During the term of their appointment, Fellows will be in residence at HLS. They will be required to devote part of their time to work on research projects of the Program, depending on their skills, interests, and Program needs. Fellows will also be able to spend significant time on their own projects. The position will provide a competitive fellowship salary and Harvard University benefits.

Interested candidates should submit a CV, graduate program transcripts, any research papers they have written, and a cover letter to the coordinator of the Program, Ms. Marzieh Noori, at [email protected]. The cover letter should describe the candidate’s experience, reasons for seeking the position, career plans, and the period during which they would like to work with the Program.

Five Questions Boards Should Ask About the War in Ukraine

Matteo Tonello is Managing Director of ESG Research at The Conference Board, Inc. Related research from the Program on Corporate Governance includes The Illusory Promise of Stakeholder Governance (discussed on the Forum here) and Will Corporations Deliver Value to All Stakeholders?, both by Lucian A. Bebchuk and Roberto Tallarita; and For Whom Corporate Leaders Bargain (discussed on the Forum here) and Stakeholder Capitalism in the Time of COVID, both by Lucian Bebchuk, Kobi Kastiel, and Roberto Tallarita (discussed on the Forum here).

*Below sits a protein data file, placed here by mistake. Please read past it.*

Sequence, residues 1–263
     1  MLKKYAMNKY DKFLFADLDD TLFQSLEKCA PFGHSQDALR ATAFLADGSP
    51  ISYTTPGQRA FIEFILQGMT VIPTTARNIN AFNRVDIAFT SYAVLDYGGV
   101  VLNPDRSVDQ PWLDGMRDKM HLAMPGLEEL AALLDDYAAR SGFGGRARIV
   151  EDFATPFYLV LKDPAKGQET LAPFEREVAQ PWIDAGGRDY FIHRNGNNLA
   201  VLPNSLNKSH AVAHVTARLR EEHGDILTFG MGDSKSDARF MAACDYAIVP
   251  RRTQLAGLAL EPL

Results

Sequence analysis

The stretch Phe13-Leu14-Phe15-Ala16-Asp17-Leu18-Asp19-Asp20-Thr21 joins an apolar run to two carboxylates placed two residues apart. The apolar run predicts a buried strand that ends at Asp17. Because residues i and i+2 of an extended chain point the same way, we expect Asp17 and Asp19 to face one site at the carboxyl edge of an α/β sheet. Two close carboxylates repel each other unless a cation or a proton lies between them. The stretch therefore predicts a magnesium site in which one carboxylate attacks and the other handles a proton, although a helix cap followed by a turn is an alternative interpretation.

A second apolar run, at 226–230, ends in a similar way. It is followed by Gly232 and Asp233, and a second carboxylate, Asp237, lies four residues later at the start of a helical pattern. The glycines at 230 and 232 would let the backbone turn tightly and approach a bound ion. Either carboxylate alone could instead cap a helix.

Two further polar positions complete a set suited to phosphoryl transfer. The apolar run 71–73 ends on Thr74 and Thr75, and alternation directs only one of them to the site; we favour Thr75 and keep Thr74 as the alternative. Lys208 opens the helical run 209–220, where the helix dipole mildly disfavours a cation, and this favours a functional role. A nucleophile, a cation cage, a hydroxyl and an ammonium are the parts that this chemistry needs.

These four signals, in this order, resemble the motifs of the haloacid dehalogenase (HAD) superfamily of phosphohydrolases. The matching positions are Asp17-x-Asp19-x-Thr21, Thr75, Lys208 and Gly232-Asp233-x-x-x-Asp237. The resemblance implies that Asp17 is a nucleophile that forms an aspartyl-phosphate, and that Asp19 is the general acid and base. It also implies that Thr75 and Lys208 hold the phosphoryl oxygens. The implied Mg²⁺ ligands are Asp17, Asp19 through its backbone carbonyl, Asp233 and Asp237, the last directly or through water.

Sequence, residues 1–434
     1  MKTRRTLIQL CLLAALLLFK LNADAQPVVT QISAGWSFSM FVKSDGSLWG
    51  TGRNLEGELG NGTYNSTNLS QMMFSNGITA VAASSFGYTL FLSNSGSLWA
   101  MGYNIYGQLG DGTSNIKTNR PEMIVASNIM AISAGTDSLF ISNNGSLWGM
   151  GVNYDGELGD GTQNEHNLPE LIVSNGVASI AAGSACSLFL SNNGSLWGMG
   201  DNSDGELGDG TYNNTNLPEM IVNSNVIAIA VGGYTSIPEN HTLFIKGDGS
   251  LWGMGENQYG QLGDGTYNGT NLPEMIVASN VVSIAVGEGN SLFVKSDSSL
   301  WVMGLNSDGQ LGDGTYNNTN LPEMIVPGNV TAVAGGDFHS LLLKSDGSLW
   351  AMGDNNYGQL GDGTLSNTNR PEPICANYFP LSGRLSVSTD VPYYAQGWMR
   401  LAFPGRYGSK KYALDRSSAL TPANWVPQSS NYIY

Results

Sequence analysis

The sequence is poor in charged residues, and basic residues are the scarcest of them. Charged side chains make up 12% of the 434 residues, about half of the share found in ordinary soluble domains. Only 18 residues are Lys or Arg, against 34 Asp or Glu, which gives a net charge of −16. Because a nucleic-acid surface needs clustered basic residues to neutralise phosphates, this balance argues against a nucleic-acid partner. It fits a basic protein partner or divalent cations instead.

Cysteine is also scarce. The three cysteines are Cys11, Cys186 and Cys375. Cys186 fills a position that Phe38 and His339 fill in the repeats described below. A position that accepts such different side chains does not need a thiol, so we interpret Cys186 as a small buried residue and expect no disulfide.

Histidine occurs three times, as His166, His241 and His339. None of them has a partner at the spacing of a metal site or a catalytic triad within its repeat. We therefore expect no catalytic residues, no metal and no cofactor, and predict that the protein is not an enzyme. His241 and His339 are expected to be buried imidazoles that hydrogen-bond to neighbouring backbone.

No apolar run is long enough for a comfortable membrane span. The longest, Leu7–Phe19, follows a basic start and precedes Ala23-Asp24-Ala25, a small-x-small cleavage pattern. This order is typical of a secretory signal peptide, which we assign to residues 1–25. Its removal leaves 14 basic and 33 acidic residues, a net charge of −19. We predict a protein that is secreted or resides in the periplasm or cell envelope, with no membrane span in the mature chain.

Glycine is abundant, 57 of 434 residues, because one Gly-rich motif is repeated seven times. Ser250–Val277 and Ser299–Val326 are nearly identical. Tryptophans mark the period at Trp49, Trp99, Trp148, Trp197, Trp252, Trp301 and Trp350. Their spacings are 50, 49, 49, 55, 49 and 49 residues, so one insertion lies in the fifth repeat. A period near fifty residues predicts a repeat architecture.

While still recovering from the disruptions of the global pandemic, many companies find themselves grappling with a new and, for the most part, unanticipated emergency. Russia’s invasion of Ukraine requires business leaders to remain in crisis-management mode. Many commentators suggest that what we are witnessing is only the beginning of a new, precarious period of reconfiguration of the world order, with unclear economic and political implications. Whether or not it is true, at this stage of the crisis the main role of the board is to exercise oversight by asking probing questions to ensure the company is planning for multiple scenarios, reducing uncertainty, and adapting its business strategy.

The following are five key probing questions board members should consider posing.

1) What is the business impact of the war?

Directors should ask for management’s view of the immediate business impact of the invasion, including macro concerns such as rising inflation and impaired economic growth, as well as more specific issues pertaining to the safety of employees in the region, the resilience of supply chains, and legal or compliance issues regarding terminated or defaulted contracts with customers or suppliers in Russia or Ukraine. Special attention must be paid to the impact of measures swiftly introduced by many governments, including the US, to sanction Russian banks, state-owned enterprises, and oligarchs and to control exports from Russia. These measures are meant to impair the country’s economic growth by “isolating it from the global financial system” and by curtailing “its access to cutting-edge technology.” [1]